Study Proves Raising Minimum Wage Hurt Workers in Seattle
It's common sense. If you raise the minimum wage, companies that rely on minimum wage labor need to either cut hours or fire employees, and prices may have to rise to offset the increased expense. After all, most businesses run on thin enough margins as it is.
The Left denied this would happen, however. Reality has no place in policy discussions, it seems.
After Seattle raised its minimum wage to $15 per hour -- the magic number that liberals settled on -- it commissioned the University of Washington to study the effects of the increase.
Early indicators were that the increase was a disaster, but what was the official verdict? Well, as the liberal Slate reports:
Here’s how the study worked: To determine how the policy had affected Seattle’s labor market, the authors created a “synthetic” version of the city to use as a comparison -- essentially, a mathematical mash-up of other cities and suburbs in Washington that, once stitched together, closely tracked the actual Seattle economy before the ordinance went into effect, and could therefore depict an alternate reality where Seattle’s pay floor didn’t rise.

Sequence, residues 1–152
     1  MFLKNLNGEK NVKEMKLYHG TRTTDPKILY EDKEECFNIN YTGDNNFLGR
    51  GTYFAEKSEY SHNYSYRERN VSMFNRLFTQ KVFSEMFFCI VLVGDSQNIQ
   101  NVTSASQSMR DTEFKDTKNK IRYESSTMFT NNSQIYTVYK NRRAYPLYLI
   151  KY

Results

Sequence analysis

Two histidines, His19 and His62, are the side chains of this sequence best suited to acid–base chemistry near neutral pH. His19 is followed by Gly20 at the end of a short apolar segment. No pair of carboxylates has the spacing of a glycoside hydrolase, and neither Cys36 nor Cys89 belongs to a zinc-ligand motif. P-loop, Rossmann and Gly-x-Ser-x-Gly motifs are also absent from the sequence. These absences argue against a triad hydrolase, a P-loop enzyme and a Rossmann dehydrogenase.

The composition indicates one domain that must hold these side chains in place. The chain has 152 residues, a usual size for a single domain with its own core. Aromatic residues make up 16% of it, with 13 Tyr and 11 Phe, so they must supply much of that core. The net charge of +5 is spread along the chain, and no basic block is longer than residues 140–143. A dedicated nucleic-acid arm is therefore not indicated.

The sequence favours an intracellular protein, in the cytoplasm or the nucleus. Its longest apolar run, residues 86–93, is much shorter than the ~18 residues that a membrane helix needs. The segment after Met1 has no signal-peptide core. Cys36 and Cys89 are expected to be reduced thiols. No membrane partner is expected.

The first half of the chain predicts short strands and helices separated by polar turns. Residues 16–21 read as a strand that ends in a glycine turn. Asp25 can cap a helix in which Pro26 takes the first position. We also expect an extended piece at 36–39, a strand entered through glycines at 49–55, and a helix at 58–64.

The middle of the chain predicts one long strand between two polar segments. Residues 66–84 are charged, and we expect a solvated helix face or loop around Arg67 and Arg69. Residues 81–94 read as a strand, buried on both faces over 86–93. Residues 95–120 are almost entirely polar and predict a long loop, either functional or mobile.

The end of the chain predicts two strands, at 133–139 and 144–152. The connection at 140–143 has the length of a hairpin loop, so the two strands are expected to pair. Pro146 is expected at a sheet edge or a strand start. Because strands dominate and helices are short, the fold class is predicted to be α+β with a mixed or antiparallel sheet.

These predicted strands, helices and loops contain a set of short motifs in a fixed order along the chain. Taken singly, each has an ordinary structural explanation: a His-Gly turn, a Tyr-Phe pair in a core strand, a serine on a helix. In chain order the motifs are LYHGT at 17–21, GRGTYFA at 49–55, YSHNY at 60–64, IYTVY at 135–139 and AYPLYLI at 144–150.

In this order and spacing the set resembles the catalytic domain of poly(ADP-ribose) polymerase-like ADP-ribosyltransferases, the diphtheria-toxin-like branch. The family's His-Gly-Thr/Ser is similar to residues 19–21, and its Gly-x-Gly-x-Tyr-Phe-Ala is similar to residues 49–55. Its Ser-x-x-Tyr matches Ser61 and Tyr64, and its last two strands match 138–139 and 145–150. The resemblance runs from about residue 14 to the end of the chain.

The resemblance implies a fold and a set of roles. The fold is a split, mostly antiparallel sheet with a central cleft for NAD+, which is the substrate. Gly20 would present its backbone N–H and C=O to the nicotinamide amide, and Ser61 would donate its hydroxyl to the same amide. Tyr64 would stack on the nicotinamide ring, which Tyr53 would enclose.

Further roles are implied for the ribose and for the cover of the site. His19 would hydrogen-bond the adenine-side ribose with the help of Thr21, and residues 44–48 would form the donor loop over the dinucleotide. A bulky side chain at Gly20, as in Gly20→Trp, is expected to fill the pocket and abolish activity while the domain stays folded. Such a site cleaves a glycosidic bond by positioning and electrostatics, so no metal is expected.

Based on this counterfactual, they found that the law had reduced the total number of hours worked by low-wage employees by 9.6 percent. The total number of jobs paying less than $19 an hour -- their threshold for “low-wage” -- fell by 6.8 percent, compared with the counterfactual. Obviously, many workers received raises as a result of the new minimum. But thanks to all those shortened shifts and lost cashier gigs, the average low-wage worker ended up taking home $125 less each month. Which, for those workers, is quite a lot.
This is pretty much the worst-case scenario for a minimum wage policy. Many people find the idea of losing a few jobs acceptable as long as low-wage workers make more money overall. But raising wages to the point where they force businesses to cut back so significantly that low-pay employees make less as a group is almost certainly not an outcome anyone wants.
Beyond its worrisome headline findings, the study also suggests that previous researchers may have missed the minimum wage’s job-killing effects in industries like fast food because they simply didn’t have detailed enough data. When the team looked at total employment in Seattle restaurants, it found the rising minimum wage had no apparent effect. But on closer inspection, they found a more complicated situation. Low-wage jobs did decline, but employers added higher-paid positions. This, they argued, suggested that low-skill workers were being nudged out of the job market in a way that the previous literature wouldn’t have detected.
The result is frightening for at least one other reason: Seattle’s minimum wage hadn’t even hit $15 during the period the researchers studied. By the end of 2016, it had maxed out at $13 for some large employers and $12 for smaller employers. And yet the ill effects were already kicking in.